(Smalltown Supersound; 2007)
By Andre Perry | 26 February 2008
Constructed primarily on various keyboards—no drum machines to be found here— In Light unfolds with a series of synthesizer arpeggios, subtle, tonal shifts, and slowly peaking, hand-filtered drones. These are pure ‘70s; while the retro sounds might cast a slightly dated, analog haze over the tracks (this could have been a Tangerine Dream side project or a lost entry in Eno’s ambient music series) they certainly make for a pleasant and warm buzz, courting passivity but always maintaining a pulse. It’s an interesting tension: it’s unclear what this record strives to be, its compositions confused, stuck somewhere between ad hoc ambient music, a soundtrack to a slowly revealing physical space, and something more gripping, something discernibly more active.
Nonetheless, the blueprint is clear: to establish a track’s presence with a couple of bubbling synths followed by a methodical build of other, more vibrant and increasingly hectic keyboard tones. Arp’s core member Alexis Georgopoulos recorded this live and as a founding (and former) member of San Francisco’s Tussle, it’s unsurprising that Arp relies on similar methods, Tussle’s spiel a steady build of interlocking rhythms and ambient textures. If the basic architecture of In Light‘s songs is unaffected, it is also effective; never a song with too much clutter or too few parts, Georgopoulos’s grace is in keeping a relatively bland palette fresh by adhering faithfully to a simple conceit and then finding an accessible balance between all the splayed-out purposes in each tool he puts to use. That each sound can carry plain electronic tropes (e.g. a glacial coating, machine-like hum, or astral twinkle) and still make a singular space within all the typical confluence of utility-belt pleas for patience is something pretty great.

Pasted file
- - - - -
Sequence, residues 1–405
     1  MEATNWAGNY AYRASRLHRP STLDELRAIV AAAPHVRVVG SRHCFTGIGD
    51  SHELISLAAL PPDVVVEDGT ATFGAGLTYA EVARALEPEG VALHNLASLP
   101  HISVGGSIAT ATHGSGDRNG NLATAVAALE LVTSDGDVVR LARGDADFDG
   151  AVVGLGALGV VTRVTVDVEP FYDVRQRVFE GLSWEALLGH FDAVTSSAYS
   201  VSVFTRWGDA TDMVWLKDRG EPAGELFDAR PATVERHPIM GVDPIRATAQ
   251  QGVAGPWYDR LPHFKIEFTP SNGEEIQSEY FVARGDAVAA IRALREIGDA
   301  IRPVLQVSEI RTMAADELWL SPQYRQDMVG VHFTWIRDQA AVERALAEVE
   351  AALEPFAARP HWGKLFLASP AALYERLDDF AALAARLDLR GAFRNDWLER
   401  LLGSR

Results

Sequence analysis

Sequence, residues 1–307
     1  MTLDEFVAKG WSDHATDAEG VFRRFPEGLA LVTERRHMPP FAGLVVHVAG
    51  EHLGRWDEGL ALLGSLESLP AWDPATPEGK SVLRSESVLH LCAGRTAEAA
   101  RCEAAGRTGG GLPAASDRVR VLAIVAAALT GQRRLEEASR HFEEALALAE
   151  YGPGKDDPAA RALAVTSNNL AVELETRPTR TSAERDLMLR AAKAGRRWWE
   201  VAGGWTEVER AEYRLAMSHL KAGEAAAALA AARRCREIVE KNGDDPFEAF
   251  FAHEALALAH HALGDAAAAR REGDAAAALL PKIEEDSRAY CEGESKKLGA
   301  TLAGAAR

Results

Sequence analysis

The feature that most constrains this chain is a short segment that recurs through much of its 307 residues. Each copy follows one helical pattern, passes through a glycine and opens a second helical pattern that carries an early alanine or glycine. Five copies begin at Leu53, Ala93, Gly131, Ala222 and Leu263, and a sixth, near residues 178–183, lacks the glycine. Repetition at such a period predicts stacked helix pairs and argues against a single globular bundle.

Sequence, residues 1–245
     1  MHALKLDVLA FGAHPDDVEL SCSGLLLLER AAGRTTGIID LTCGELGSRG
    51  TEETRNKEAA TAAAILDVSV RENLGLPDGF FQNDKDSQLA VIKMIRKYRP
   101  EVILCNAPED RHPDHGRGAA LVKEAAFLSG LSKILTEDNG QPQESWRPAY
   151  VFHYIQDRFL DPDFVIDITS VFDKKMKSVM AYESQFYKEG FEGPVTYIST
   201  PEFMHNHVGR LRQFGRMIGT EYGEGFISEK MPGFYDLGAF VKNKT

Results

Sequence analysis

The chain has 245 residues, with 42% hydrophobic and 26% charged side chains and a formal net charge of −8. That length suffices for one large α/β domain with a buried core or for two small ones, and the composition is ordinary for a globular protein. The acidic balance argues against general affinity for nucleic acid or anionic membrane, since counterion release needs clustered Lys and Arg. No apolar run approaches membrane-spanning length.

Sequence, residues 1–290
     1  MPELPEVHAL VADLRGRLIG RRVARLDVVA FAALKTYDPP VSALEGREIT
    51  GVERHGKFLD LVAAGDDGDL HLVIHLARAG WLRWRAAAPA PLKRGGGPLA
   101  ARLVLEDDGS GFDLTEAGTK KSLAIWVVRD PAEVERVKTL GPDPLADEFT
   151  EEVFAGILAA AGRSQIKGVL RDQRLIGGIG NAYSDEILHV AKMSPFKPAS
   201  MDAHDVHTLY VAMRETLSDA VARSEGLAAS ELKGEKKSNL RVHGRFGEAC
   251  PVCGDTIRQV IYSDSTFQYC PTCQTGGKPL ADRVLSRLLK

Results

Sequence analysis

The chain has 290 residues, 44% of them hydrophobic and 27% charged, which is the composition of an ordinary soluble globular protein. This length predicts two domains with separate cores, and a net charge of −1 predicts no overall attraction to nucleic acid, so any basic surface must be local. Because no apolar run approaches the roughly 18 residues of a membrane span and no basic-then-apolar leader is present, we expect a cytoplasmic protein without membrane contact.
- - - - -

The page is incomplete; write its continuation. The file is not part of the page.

“Potentialities” is the marquee track, opening with a synth squabble at first filtered so lowly that it comes off like percussion. Additional lines emerge and as the filter slowly opens a drone swells around the edges of the mix. The song peaks once, pulls back, and then peaks again before unwinding into a dreamy exit of fluttering notes. There are several other striking songs: “The Rising Sun,” the most Music for Airports (1978)-esque track here, builds around a plaintive piano figure while “Odyssey (for Baz Jan Ader)” ambitiously sustains itself over an epic sprawl. At fifteen minutes its length is predictable but its stay justified, balancing shimmering keyboard modulations with moments of near-silence. It seems to craft a story both mundane and the stuff of science-fiction: of a futuristic robot day-in-the-life cycle, which means robot gets up for work (the opening grind), then gossip at the factory (the increasing chitter-chatter crackle of the synths), then come home, drink oil, fall into standby (the steady retreat into blanched pockets of silence), then wake up again, repeat (the song’s final noisy ascent).
The fantasy only trails off into oblivion and In Light seems to rejoice in this, decidedly forward-thinking, ambitious, but consistently resigned to the tenets of whatever vague genres—or purposes—to which it aspires. Is this minimal techno? Then the Field can relate to such a plain-faced rejuvenation of tradition. If this is ambient (god help our compartmentalizing) then it’s Music For Subways, stations of frivolity passing by in intense, speckled moments, otherwise limned with quiet, oozing textures. Of course Georgopoulos’s challenge on future records will be to bring new elements into the mix without detuning his knack for balance and the honesty behind his means, but for now the ride is engaging—active—enough.